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Turning Points in Time of Arnold & Son

by Michael Weare
4 May, 2011
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About the author

Michael Weare has been a professional writer for 30 years, writing about Japanese technology, German and Italian cars, British tailoring and Swiss watches. Michael manages the editorial content of Click Tempus and will be keeping the magazine fresh and informative with regular features, as well as bringing great writers to the magazine. Email: michael@clicktempus.com

Arnold & Son Moonphase

Our Turning Points In Time series highlights the key events in a watch brand’s history, listing all notable milestones and developments along the way.

Arnold & Son is one of the earliest and most innovative of English watchmakers.

1736

Birth of John Arnold

Birthplace of John Arnold

John Arnold is born in Bodmin, Cornwall. After his apprenticeship with his father at the age of 20, he left for Holland where he learned German.

1764

Starts own company

John Arnold gains immediate recognition by successfully repairing a complicated watch for Sir William McGuire, a well known watchmaking aficionado. Receives backing from Sir William to open his own shop in Devereaux The Strand, London.

Produces an impressive Minute Repeater-ring and presents it is a gift to King George III, thereby instantly gaining access to circles of wealthy people.

Participates in the Longitude Prize

Sponsored by the Royal Navy, this is the search for a reliable method of calculating longitude at sea, to stop heavy maritime losses and accelerate the expansion of Britain’s empire.

Becomes recognised as the specialist par excellence in marine timepieces, and invents both the detent escapement and bimetallic balance.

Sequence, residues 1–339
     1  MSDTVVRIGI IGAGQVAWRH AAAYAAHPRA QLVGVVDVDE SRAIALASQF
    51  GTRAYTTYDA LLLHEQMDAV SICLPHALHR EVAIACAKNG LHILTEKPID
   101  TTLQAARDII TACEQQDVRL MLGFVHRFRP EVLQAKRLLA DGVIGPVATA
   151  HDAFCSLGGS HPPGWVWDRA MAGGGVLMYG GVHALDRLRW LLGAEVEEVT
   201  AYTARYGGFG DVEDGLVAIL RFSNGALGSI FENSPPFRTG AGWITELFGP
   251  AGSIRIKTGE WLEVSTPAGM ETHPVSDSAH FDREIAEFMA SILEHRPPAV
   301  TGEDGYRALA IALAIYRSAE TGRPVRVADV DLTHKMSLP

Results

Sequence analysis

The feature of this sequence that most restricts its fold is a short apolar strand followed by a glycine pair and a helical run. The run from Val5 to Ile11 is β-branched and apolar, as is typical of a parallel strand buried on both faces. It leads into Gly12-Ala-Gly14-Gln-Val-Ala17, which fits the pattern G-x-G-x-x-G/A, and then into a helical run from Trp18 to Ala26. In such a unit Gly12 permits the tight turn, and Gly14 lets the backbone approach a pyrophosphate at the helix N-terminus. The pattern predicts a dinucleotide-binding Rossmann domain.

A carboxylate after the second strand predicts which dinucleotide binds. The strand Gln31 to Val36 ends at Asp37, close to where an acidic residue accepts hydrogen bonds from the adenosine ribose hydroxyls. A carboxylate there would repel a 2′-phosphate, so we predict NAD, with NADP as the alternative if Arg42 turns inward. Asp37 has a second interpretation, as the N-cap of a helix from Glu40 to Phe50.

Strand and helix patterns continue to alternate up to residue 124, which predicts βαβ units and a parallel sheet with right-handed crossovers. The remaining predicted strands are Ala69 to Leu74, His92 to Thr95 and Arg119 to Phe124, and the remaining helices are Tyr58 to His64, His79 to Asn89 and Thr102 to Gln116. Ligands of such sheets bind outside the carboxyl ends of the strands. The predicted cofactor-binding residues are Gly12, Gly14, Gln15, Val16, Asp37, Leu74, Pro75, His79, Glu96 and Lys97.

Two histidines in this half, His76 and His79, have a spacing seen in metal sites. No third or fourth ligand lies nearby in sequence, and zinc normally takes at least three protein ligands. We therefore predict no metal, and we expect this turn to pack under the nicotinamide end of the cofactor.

1769

Birth of son John Roger Arnold

Birth of John Arnold’s son, John Roger Arnold, who will go on to form Arnold & Son with his father.

1770

Wins Longitude Prize

John Arnold meets the new, stricter ‘Longitude Prize’- requirement for watchmaker-longitude methods: Two identical clock- prototypes are tested both at sea and on land. Entrepreneurial skills and technical genius give him an edge over competitors. He finally co-wins the Longitude Prize (the prize was effectively won and shared by 4 clockmakers).

1773

The Pocket Chronometer

John Arnold Chronometer

His invention of the ‘detent escapement’ and his other significant movement design improvements allow him to make the first ever ‘Pocket Chronometer’ (chronometer N°36).

1789

Mutiny on the Bounty

Mutiny on the Bounty

In what today would be considered an excellent opportunity for some free publicity, one of John Arnold’s pocket watches became inadvertently involved in the most infamous case of treachery on the high seas in British maritime history.

On April 28th 1789, following a mutiny led by Master’s Mate Christian Fletcher, Captain William Bligh and some followers were cast adrift in a 23 foot cutter with food and water for four days, four cutlasses, a sextant, and a John Arnold pocketwatch.